The center of Dublin was filled with chants against immigrants on Thursday night. Some groups of protesters attempted to hunt down refugees sleeping in accommodations across Ireland. There are about 73,000 currently in the country, with more than 50,000 from Ukraine. The doors and windows of the Dublin City Dorms (a residential building) were covered with wooden panels: no immigrant had slept there for months, but the assailants tried to enter the building.

The Dublin City Dorms covered in panels, this past Saturday.
The Dublin City Dorms covered in panels, this past Saturday.Rafa De Miguel

Most of the rioters, however, were more concerned about burning cars, police vehicles, buses and tram cars… and grabbing a good pair of sneakers, after smashing the windows at Foot Locker. Several specialized clothing stores were covered with protective panels by the weekend.

“The windows of that [convenience store] were also smashed,” a woman points out. She runs an Oxfam second-hand bookshop, where proceeds go towards charitable purposes. “They were only interested in cigarettes and chocolate,” she laughs with relief, hoping that the worst is over.

Hundreds of police have been deployed across the city center to prevent a repetition of riots that, the government admits, have been the worst-ever recorded in Ireland, at least since 2006. The Garda — as the forces of order are known (“Guardians of Peace,” in Irish) — wasn’t prepared for such enormous violence. Several of its officers suffered attacks and injuries. It took a lot of work to control the 200 or 300 rioters who were bent on destroying everything in their path.

“The threat from the extreme-right and xenophobic movements has been there for at least two years. It has worsened with the arrival of refugees from Ukraine… the messages of hate that have been spread on social media have skyrocketed,” says Peter Farrelly, the campaign coordinator for one of the legislators from the center-right Fine Gael, one of the three main Irish political parties. “But there’s a second factor that has caused everything to overflow. There’s increasing decay in Dublin One.” This inner-city northern district — despite being increasingly trendy — suffers from serious security problems. “There’s massive drug consumption in [full public view] and a considerable increase in crime. [Some people from this area] — the ones who have nothing to lose — have combined their forces with the extreme-right to raze the city,” he points out.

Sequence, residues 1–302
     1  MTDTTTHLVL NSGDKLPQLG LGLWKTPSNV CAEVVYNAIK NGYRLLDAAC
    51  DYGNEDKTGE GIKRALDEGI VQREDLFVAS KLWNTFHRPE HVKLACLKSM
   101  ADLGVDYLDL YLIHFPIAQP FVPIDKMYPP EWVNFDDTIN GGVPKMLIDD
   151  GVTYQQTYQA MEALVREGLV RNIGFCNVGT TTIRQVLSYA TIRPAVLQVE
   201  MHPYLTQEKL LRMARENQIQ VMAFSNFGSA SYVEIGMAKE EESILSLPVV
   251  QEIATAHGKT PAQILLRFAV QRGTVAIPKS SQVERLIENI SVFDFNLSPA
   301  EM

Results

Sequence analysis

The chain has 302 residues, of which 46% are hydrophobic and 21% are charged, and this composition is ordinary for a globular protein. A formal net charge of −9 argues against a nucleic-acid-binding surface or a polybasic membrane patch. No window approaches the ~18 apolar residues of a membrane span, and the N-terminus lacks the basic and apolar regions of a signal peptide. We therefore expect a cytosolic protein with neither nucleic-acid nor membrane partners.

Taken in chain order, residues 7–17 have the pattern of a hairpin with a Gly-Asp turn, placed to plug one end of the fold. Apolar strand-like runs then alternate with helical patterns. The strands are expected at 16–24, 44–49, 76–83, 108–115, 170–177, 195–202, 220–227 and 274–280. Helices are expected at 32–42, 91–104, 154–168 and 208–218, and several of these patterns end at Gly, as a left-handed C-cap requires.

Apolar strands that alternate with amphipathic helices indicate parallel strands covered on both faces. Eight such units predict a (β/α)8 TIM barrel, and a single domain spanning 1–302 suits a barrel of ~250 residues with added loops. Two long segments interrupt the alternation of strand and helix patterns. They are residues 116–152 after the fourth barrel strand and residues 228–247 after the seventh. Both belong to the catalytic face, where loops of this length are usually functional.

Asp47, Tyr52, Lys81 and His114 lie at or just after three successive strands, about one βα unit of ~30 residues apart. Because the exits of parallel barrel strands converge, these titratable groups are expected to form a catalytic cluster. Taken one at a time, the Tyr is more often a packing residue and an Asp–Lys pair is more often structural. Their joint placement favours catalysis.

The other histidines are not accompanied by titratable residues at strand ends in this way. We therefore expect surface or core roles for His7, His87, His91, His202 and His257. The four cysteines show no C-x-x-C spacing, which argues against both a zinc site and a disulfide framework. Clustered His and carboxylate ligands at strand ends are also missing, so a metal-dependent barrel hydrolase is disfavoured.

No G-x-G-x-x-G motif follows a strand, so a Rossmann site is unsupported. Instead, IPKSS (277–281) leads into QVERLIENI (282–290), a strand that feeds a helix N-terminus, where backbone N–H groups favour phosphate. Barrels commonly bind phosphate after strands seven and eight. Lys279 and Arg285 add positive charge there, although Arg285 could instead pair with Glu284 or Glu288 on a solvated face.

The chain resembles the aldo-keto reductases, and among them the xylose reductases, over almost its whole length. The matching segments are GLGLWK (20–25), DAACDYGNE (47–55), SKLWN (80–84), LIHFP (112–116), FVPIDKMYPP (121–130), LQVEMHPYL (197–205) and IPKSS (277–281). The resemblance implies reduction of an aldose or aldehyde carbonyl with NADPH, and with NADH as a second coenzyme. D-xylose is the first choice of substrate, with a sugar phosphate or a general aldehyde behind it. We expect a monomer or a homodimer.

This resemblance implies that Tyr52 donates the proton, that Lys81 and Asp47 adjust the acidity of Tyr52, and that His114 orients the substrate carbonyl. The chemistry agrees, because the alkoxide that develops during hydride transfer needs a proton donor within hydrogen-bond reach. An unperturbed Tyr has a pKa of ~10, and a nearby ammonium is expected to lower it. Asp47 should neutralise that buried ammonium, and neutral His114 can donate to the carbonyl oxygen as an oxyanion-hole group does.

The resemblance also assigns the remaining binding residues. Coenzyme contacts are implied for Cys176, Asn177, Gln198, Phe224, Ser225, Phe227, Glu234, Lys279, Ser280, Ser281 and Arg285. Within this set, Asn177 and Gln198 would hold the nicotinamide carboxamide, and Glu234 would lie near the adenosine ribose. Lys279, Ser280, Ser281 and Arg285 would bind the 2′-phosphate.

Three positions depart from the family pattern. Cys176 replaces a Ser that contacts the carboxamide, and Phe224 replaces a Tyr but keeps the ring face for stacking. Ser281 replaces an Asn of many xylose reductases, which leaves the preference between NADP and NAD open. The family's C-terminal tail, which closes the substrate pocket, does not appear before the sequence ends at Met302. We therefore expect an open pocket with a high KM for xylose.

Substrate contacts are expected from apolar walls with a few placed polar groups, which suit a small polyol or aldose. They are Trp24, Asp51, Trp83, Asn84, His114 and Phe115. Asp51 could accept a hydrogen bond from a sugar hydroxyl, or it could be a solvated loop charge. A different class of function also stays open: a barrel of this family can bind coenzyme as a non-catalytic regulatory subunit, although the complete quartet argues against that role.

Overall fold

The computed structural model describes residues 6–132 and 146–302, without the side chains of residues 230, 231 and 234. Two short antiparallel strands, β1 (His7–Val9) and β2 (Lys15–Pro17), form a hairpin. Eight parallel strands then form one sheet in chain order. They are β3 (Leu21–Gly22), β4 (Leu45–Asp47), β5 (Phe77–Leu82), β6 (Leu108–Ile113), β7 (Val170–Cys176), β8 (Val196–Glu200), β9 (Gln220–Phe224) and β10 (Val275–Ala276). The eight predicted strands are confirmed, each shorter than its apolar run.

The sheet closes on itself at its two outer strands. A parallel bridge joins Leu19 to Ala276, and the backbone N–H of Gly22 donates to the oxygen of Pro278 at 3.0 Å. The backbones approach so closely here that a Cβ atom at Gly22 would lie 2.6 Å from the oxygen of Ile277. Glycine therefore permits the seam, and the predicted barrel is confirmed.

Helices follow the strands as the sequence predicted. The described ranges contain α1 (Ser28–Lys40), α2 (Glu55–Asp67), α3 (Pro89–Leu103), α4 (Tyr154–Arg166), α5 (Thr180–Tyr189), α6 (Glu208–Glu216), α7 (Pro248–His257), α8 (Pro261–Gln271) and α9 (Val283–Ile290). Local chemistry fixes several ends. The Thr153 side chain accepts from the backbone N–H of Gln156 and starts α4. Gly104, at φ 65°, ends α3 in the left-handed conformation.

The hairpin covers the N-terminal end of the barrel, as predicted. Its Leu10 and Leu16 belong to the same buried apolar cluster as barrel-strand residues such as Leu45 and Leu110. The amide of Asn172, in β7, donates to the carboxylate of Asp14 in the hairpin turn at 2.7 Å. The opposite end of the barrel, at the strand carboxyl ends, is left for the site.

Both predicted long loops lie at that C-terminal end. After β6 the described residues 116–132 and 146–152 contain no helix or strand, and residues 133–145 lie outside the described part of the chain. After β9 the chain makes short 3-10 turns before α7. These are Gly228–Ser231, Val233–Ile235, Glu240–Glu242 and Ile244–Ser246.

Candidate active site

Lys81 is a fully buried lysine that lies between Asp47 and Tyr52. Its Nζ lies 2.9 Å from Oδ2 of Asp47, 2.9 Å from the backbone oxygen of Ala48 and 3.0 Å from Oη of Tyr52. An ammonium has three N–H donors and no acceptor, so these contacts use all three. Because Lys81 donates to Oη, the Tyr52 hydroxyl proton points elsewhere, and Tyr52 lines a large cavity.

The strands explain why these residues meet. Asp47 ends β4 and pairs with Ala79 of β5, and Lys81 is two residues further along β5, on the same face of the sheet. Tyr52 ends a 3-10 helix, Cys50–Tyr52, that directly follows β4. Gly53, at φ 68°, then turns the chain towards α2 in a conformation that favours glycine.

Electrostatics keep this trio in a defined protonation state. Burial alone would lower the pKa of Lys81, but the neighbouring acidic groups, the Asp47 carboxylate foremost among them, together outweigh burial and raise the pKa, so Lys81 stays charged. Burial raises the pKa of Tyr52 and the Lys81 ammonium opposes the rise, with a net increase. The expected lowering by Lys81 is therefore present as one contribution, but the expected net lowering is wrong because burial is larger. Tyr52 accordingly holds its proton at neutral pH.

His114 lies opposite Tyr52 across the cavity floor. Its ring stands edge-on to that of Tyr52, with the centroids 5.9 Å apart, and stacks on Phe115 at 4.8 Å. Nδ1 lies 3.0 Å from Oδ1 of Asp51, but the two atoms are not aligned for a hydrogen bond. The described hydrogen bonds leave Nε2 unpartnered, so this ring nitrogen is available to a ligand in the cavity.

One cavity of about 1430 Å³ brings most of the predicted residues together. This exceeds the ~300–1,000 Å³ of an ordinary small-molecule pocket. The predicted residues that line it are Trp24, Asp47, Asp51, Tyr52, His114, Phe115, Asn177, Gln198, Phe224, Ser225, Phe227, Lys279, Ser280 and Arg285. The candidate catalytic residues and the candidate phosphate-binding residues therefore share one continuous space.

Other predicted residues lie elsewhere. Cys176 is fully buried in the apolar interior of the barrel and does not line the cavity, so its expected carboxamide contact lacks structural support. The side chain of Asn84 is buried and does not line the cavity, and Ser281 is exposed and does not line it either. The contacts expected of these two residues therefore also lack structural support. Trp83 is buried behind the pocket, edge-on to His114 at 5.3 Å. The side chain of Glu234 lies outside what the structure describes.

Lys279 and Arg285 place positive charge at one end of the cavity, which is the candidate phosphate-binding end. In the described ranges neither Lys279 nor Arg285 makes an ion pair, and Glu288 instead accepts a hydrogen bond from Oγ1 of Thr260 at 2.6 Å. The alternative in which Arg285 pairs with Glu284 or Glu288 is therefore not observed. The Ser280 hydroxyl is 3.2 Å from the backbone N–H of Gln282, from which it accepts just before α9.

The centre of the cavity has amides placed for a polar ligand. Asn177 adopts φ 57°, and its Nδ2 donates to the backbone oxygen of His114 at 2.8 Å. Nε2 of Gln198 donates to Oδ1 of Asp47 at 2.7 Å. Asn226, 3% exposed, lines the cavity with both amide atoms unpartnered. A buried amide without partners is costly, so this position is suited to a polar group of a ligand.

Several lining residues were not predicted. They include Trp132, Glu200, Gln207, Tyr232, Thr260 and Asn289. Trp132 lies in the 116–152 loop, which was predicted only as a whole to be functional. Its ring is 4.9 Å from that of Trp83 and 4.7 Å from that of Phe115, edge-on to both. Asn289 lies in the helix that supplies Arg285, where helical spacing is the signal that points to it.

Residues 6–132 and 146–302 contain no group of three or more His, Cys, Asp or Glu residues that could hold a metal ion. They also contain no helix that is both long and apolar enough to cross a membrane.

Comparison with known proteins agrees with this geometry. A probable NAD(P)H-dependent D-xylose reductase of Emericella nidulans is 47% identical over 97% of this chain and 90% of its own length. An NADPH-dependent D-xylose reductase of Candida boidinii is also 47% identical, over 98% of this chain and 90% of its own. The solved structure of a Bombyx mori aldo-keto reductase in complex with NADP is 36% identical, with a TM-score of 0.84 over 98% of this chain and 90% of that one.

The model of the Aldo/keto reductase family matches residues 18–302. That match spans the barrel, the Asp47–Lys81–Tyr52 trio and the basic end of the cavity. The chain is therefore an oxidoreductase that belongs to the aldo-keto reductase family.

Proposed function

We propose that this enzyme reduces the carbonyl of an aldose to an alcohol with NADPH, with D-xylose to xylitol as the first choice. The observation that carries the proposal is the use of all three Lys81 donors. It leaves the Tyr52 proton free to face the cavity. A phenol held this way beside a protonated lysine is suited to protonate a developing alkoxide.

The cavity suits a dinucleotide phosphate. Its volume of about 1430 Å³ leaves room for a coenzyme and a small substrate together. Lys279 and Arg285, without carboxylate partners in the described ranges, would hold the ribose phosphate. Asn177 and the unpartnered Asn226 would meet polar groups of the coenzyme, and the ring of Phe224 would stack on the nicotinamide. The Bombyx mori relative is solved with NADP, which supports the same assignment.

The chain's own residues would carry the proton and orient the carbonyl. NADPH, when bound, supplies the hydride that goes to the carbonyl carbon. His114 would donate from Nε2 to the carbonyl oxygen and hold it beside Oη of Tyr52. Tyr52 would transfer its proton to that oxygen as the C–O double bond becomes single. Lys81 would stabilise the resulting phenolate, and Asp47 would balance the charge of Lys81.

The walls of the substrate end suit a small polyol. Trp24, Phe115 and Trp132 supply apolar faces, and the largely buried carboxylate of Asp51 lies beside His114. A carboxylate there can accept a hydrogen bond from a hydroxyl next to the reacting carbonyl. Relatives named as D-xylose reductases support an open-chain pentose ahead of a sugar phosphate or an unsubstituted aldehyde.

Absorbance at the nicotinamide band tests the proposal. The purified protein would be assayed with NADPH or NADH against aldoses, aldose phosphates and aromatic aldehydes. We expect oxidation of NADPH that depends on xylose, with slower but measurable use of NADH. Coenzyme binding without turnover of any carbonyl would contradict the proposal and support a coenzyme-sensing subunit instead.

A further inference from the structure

This explanation is a double consolation for many. Not only is it easier to blame thugs for violence and riots: it also serves to preserve the image of Ireland as a tolerant, welcoming country. The signals that reality emits, however, are more worrying. Last year, almost 150,000 foreigners arrived in Ireland, a country of five million people that has serious problems with housing and public services. They may be a minority, but the ultra-right fans who walk the streets of Dublin with signs demanding “Houses for Irish” make sure that they can’t move freely. EL PAÍS was able to see one of these extremists chasing and harassing two local journalists, recording them on his mobile phone and accusing them of protecting the perpetrator of the girl’s stabbing. Later, alongside another group of extremists, he gloated while posting the video on social media.

“The police immediately told us to seek protection [on Thursday] and I hid. Today, I feel comfortable again, but I admit that I was scared,” explains Promise Enofe. Of Nigerian descent, he has been in Ireland for 20 years. He works in public, soliciting donations and subscriptions for the humanitarian organization ActionAid. Near him, there are several agents patrolling the commercial streets.

“I feel very safe in Dublin. Remember, I come from Rio de Janeiro,” Benicio jokes. “I know many Irish people who have treated me very well. There’s a small group of people who hate immigrants… but I don’t think [this sentiment] can be generalized.”

Today, many Irish people are relying on the Brazilian’s optimism. However, the government has already announced that it will toughen the laws against hate crimes and strengthen the capacity of the police. What happened this past week in the center of Dublin, everyone admits, is a warning sign that must be addressed.